And lo and behold, the next day I took the victory.
What is the sprint race in Ski Mountaineering? The sprint was introduced a few years ago to the sport of ski mountaineering in an effort to bring more spectators to the sport.
The notion of the ski mountaineering sprint has grown from the World Cup Sprints that take place in cross-country skiing in large cities like Milan (IT) or Bern (CH), Drammen (NO). The local city of Tromso, with 70,000 residents, trucked loads of snow in to prepare for the World Cup event on Saturday where crowds of spectators were able to watch the exciting event as they did their market shopping.
This was the first time a skimo sprint has taken place in a town center and it was also the first time in history a North American has won a World Cup event in ski mountaineering. Typically alpine countries such as France, Italy, Spain, and Switzerland dominate the sport.
The Sprint formula is like in world cup cross country sprints: It is comprised of an individual qualification round to win the access to the quarter finals followed by the semi finals and finals. One must adapt to the terrain so not all courses are alike.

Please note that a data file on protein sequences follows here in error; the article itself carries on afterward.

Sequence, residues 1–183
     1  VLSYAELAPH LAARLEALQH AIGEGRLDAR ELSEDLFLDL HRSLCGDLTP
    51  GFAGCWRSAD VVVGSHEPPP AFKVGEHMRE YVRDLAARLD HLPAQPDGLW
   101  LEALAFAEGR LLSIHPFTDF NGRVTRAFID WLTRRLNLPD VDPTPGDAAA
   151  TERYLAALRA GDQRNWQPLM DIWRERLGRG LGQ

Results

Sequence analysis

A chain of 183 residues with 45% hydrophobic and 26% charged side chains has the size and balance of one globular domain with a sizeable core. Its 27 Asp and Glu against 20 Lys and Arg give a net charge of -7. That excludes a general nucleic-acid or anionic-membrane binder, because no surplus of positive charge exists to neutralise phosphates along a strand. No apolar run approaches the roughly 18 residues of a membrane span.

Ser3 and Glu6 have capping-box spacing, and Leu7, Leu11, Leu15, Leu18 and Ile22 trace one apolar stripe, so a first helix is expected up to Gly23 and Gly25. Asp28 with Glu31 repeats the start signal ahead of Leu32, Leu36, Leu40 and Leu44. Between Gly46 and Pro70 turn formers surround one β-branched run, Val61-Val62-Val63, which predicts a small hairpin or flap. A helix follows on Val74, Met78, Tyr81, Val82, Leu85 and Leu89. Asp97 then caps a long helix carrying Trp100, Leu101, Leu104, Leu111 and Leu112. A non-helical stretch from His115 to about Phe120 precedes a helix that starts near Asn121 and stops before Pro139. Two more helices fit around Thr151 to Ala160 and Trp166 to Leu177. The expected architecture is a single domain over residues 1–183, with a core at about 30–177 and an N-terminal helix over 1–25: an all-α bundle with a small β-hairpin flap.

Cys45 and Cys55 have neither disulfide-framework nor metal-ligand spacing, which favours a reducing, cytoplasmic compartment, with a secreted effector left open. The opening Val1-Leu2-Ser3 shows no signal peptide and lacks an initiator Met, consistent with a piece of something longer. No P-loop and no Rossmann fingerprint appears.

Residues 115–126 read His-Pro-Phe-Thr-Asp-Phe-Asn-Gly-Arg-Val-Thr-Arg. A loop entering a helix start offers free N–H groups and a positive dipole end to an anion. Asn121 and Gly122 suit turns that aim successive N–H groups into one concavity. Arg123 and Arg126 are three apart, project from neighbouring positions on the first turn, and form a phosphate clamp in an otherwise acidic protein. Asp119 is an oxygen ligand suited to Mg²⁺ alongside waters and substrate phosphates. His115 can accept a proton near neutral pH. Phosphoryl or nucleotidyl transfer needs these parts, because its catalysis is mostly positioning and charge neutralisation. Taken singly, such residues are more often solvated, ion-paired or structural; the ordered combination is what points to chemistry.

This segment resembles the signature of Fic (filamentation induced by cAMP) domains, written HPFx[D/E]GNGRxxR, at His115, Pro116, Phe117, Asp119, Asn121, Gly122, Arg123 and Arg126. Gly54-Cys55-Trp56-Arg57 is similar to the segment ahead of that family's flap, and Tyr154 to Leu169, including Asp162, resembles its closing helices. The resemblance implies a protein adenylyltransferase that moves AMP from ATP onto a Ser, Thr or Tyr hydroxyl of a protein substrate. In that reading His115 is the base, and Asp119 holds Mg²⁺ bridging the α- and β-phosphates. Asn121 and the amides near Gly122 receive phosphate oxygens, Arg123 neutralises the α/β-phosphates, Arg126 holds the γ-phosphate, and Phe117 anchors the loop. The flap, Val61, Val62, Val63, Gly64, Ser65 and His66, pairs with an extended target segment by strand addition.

Start on skinning
kick turns/ conversions
bootpack with skis on the pack.
Finish skating to the line.
Athletes must be not only quick on the skis but also quick in the transition to excel at this event which lasts 2 ½ – 3 ½ minutes.
Click here on this You Tube video to see some footage of the women’s sprint final in Tromso. Here you can see really what the sprint course is all about.
Here are some more articles and photos of the sprint:
RESULTS WORLD CUP SPRINT
OVERALL World cup men and women